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R&I ? Editorial Archives ? 2003 ? June 15 ? Food

Taking the Cake Walk
Cheesecake wins customers with traditional and adventuresome guises

Creamy, rich and indulgent, cheesecake is the stuff empires are built upon. The Cheesecake Factory certainly knows this to be true as do other restaurants that have spun signature cheesecake into a profitable side business.

Without question, cheesecake is in hot demand, a perennial favorite that appears on nearly half of all restaurant menus, according to Restaurants and Institutions most recent Menu Census. Uncomplicated, homey and imbued with a dose of comfort, it appeals to a wide audience.

Cheesecake looks good and customers know it will taste great, says Marc Schulman, owner of Elis The Place For Steak and Elis Cafe in Chicago. Both Elis concepts rotate 70 varieties throughout the year.

Calabasas Hills, Calif.-based The Cheesecake Factory tempts with more than 30 types, including Sticky, Chewy Chocolate Pecan Cheesecake and Craigs Crazy Carrot Cake Cheesecake. The 61-unit chains plain versiona subtle, slightly tangy symphony of creamy cheeseremains the hands-down favorite.

Cheesecake, a simple batter of cream cheese, sugar, eggs and vanilla, almost dares cooks to tailor the formula, and if the first add-ins were as simple as lemon zest or chocolate chips, the pace of innovation soon quickened. Both in the cake and on top, flavor enhancements keep the dessert current. Mascarpone, fudge, roasted nuts, caramel, crumbled cookies and fruit are among the ingredients that bolster the basic format. Cheesecakes neutral platform also bows to current ethnic flavor trends with such additions as chai spices, lemongrass, lavender, ginger and kaffir lime.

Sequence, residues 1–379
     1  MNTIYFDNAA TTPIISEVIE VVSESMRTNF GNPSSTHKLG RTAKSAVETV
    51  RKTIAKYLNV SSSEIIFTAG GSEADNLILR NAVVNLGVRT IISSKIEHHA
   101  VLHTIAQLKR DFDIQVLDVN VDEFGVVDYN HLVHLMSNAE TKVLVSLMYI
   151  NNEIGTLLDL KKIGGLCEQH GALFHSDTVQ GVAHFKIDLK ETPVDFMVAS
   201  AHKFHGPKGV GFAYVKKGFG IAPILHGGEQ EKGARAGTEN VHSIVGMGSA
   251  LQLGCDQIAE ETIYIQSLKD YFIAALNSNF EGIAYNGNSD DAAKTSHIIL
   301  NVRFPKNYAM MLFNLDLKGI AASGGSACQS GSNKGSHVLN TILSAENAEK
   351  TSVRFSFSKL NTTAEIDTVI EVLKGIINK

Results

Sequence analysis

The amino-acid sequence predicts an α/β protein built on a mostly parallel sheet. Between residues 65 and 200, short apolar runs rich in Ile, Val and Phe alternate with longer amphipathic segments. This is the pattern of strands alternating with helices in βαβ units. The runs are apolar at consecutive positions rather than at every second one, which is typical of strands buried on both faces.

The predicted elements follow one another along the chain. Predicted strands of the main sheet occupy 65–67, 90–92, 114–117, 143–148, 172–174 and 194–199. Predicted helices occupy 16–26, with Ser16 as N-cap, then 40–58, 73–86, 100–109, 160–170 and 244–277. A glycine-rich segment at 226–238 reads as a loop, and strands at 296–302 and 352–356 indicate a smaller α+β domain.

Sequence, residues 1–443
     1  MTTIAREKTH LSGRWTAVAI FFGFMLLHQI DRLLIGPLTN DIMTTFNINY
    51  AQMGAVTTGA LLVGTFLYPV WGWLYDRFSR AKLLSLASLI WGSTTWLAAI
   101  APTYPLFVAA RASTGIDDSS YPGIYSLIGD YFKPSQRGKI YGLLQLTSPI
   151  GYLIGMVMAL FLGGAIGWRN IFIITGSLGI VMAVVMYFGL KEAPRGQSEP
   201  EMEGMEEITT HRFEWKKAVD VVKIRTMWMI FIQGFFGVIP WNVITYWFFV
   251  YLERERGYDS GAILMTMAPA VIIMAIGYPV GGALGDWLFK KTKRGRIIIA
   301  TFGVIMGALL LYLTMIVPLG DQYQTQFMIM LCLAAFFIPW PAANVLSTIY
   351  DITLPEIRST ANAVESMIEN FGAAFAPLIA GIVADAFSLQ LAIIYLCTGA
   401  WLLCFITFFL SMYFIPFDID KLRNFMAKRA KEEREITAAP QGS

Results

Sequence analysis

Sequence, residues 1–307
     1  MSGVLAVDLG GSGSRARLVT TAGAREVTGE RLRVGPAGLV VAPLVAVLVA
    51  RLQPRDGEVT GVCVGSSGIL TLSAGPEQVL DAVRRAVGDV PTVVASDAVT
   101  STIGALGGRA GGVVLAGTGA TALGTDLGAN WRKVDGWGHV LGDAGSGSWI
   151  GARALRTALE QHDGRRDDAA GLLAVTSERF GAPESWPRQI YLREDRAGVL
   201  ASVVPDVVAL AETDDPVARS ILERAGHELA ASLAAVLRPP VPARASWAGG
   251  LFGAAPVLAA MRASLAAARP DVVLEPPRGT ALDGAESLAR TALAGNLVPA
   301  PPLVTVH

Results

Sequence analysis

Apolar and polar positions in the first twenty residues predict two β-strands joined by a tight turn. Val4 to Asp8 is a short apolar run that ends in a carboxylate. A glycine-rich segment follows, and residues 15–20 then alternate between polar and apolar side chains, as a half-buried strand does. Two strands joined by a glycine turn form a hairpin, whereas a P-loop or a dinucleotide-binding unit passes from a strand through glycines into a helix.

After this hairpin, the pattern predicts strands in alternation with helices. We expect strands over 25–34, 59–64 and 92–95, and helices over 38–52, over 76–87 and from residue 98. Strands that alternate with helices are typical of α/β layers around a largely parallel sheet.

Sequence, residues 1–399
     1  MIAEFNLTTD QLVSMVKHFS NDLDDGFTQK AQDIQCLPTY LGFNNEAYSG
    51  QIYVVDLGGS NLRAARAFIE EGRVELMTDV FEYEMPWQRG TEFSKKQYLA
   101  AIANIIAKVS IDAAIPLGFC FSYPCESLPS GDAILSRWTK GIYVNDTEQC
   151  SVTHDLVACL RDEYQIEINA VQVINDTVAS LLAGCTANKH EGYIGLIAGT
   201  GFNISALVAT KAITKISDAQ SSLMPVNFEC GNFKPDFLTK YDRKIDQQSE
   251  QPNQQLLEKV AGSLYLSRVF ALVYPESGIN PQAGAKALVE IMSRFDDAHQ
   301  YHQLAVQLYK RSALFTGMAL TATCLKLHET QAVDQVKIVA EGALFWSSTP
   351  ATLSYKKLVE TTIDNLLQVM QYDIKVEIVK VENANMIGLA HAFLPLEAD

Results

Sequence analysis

To vary the form, Philadelphia-based Aramark goes over the top by dipping cheesecake in chocolate ganache and coating the slice with roasted peanuts or cookie crumbs. The dessert is garnished with various sauces, including caramel.

Kathryn King, pastry chef at Aria in Atlanta, develops memorable desserts by juxtaposing temperatures and textures, as in Arias warm chocolate-swirled cheesecake. In Chicago, a red-grapefruit garnish cuts the richness of lemon cheesecake at Sugar, a dessert bar.

The menu is low-country cuisine at Georgia Browns, owned by Washington, D.C.-based Capital Restaurant Concepts (CRC). The most popular dessert is sweet-potato cheesecake, a tawny-colored confection spiced with cinnamon and nutmeg set in a crust of graham crackers, brown sugar and toasted pecans. But at J.Pauls, CRCs version of an American saloon, classic cheesecake fares best, says Bryan Yealy, director of food and beverage.

I dont think people care whether cheesecake is healthy or not, he says, referring to lighter versions of the typically dense dessert. People order cheesecake for the sheer comfort of the dessert.

Smile and Say Cheesecake

Dense and creamy or light and airy, cheesecake varies in texture depending on ingredients and preparation. Some suggestions from the pros:

For the crust, butter cookies, graham crackers and zwieback are common, although gingersnaps, chocolate wafers or even sandwich cookies can be incorporated along with smaller amounts of nuts, grated ginger or citrus rind.

Ricotta lends more texture to the baked cake.

Sour cream is often used, either baked into the batter or as a thin veneer over the top.

Baking method affects texture. For best results, bake in a 10-inch springform pan in a water bath at 350F for 1 hour and 20 minutes. Some formulas use a lower oven temperature.

When using frozen cakes, thaw overnight in the refrigerator to minimize surface sweating.

Cheesecake is best served with some of the chill removed; allow to rest 30 minutes at room temperature before serving. As cheesecake contains dairy product, it should be refrigerated.

  • Caramelized-Apple Cheesecake with Spiced Crème Anglaise and Butterscotch Sauce

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